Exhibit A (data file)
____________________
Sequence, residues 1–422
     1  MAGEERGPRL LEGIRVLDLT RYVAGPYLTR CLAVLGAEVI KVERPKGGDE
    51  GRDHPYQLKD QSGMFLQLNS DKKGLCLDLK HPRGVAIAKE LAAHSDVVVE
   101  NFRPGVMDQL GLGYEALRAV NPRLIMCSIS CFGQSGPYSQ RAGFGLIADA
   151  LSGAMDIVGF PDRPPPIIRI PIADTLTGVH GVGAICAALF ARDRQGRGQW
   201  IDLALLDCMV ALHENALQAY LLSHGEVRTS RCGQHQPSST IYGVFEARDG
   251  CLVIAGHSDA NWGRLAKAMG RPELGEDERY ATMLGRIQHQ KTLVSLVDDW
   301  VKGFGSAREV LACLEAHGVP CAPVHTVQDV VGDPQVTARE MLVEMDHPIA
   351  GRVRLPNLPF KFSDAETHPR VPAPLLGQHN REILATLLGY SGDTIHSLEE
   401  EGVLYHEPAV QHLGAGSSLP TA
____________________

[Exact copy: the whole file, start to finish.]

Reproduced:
Sequence, residues 1–422
     1  MAGEERGPRL LEGIRVLDLT RYVAGPYLTR CLAVLGAEVI KVERPKGGDE
    51  GRDHPYQLKD QSGMFLQLNS DKKGLCLDLK HPRGVAIAKE LAAHSDVVVE
   101  NFRPGVMDQL GLGYEALRAV NPRLIMCSIS CFGQSGPYSQ RAGFGLIADA
   151  LSGAMDIVGF PDRPPPIIRI PIADTLTGVH GVGAICAALF ARDRQGRGQW
   201  IDLALLDCMV ALHENALQAY LLSHGEVRTS RCGQHQPSST IYGVFEARDG
   251  CLVIAGHSDA NWGRLAKAMG RPELGEDERY ATMLGRIQHQ KTLVSLVDDW
   301  VKGFGSAREV LACLEAHGVP CAPVHTVQDV VGDPQVTARE MLVEMDHPIA
   351  GRVRLPNLPF KFSDAETHPR VPAPLLGQHN REILATLLGY SGDTIHSLEE
   401  EGVLYHEPAV QHLGAGSSLP TA